“Ideally, yes, you don’t want to have that much turnover, but we’ve had that in other places on the campus,” Le Duc said. “Public safety, five, six years ago, is nothing like what we have today, and hopefully what we’re going to be in two to three years. So I see it as a progression.”
The revolving door
- December 2006: UODPS (later UOPD) Director Tom Hicks resigns.
- March 2007: Richard Turkiewicz hired as interim director.
- August 2007: Kevin Williams replaces Turkiewics as DPS director.
- March 2009: March 9th – Kevin Williams steps down. Doug Tripp becomes DPS Director
- June 2011: Senate Bill 405 passes, allowing guns on campus.
- January 2012: DPS becomes a police force and is later renamed UOPD.
- June 2012: Doug Tripp steps down. Carolyn McDermed becomes interim chief.
- June 2013: UOPD allowed to carry guns.
- Sept. 2015: Cleavenger wins a $755,000 lawsuit based on McDermed and others’ actions against him.
- Feb. 2016: McDermed steps down.
- Feb. 29: Pete Deshpande becomes interim chief.
“We have an opportunity now to look at what is the next wave of leadership to take UOPD to the next stage?” Le Duc said.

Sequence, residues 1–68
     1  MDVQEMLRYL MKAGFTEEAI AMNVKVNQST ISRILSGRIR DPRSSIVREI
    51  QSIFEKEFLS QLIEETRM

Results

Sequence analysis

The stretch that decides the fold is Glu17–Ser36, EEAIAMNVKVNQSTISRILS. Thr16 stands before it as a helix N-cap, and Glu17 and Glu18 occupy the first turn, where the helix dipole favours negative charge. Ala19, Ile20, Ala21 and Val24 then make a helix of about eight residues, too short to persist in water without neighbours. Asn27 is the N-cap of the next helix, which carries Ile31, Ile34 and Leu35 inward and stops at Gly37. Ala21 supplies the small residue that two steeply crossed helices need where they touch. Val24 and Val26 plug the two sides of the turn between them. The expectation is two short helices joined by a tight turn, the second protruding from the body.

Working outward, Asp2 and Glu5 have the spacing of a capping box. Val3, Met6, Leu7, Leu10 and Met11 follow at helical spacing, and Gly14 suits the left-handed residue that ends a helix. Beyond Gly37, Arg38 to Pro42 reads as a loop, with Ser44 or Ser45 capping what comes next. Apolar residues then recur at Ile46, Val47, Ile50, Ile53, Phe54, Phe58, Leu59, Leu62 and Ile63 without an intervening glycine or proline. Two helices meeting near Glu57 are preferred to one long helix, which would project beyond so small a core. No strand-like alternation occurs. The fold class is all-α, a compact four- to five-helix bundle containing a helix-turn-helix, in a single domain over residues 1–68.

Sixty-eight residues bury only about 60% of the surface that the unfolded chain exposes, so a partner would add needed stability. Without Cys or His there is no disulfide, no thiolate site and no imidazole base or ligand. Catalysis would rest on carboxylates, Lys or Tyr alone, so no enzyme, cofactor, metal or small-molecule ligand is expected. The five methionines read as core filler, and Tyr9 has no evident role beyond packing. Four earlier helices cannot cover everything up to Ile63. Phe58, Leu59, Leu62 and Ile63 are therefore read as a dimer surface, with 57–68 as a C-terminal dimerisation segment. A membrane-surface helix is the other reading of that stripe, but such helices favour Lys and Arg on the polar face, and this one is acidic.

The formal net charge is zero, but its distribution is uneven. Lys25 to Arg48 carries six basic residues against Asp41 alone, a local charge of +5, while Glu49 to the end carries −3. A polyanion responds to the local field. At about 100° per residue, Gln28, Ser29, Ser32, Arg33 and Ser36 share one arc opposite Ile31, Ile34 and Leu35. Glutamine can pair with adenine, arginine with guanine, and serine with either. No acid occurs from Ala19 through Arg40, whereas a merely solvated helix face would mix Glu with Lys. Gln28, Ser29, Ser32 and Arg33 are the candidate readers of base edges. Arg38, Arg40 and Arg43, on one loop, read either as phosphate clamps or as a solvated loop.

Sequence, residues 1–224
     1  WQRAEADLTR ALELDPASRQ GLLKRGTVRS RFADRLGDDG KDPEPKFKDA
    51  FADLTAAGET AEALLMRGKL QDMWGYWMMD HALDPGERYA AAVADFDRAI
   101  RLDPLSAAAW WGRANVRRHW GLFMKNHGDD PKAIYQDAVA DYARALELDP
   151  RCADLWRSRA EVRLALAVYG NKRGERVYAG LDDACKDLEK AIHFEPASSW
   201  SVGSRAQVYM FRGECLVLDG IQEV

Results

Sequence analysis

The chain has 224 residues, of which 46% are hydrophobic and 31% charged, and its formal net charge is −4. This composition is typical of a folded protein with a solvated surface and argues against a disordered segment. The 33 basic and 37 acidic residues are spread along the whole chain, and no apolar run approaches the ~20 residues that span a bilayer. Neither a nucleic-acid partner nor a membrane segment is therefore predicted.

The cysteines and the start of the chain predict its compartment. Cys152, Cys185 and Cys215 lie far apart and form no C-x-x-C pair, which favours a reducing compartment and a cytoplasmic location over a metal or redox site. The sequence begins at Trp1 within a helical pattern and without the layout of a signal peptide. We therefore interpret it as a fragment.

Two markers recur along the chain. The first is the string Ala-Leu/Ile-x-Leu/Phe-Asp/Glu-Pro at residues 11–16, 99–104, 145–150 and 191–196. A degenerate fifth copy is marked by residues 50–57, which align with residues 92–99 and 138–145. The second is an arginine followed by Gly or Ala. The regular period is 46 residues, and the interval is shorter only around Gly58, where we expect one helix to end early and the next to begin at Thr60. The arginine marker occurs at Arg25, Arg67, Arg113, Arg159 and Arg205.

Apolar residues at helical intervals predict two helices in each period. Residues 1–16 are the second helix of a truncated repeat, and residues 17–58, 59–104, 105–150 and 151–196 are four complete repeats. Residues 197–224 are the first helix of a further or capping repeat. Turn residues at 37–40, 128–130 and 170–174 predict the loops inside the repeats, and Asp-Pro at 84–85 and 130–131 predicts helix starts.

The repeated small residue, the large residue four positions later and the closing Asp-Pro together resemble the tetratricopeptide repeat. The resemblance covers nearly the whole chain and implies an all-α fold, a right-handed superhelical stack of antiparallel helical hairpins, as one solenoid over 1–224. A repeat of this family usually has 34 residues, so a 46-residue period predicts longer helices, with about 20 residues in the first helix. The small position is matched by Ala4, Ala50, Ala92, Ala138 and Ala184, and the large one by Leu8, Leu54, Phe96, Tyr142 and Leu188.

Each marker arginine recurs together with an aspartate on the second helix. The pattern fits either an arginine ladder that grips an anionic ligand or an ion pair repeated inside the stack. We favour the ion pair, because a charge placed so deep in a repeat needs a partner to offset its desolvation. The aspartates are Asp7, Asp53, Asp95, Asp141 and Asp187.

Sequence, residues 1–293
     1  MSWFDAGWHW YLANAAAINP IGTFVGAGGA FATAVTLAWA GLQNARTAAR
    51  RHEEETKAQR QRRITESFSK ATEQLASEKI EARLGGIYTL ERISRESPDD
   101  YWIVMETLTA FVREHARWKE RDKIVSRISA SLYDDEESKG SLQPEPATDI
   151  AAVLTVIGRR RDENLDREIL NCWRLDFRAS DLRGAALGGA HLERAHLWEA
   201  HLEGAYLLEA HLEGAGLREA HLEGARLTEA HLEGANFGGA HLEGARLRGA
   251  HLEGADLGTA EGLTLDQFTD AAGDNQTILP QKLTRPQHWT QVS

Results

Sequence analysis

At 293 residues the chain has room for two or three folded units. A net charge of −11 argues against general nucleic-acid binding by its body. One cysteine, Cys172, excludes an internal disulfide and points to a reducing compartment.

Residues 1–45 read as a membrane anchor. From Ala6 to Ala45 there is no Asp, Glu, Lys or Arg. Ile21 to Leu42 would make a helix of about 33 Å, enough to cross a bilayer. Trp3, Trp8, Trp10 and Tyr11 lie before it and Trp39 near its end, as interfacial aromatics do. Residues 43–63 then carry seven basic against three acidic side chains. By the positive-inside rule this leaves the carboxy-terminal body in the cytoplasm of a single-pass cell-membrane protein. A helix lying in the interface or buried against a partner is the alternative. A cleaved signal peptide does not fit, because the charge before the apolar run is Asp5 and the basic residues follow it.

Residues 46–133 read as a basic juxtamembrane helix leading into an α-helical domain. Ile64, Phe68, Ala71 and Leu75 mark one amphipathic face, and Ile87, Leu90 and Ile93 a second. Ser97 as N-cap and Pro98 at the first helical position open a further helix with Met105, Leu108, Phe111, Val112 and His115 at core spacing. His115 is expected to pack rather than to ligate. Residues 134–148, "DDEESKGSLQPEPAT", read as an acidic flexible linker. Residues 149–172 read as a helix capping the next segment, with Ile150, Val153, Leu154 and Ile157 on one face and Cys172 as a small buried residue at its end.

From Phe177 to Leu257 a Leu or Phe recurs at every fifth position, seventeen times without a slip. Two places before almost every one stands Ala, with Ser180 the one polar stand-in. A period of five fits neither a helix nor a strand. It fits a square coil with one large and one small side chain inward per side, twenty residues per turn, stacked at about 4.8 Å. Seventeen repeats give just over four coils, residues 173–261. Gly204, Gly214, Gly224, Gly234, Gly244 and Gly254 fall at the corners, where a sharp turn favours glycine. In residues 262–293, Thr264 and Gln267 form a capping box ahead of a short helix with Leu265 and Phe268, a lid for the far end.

Interim Police Chief Deshpande said he’s focusing on giving human resources a stronger presence in the department, in order to prevent internal problems from occurring again.
Deshpande acknowledged the turbulence of the UOPD’s last few years. While he wouldn’t address specific events like the Cleavenger trial, as they were set in motion before his arrival at the department, he did address his plans for the future.
He vows to begin addressing issues immediately, saying anything UOPD does in the department needs to be “thoughtful, considered and sensible.”
Deshpande does not plan on remaining the department’s chief. While he doesn’t know if he’ll be involved in the search, he is prepared to assist if asked. “In the meantime, certainly, I will do everything I possibly can to move the department forward.”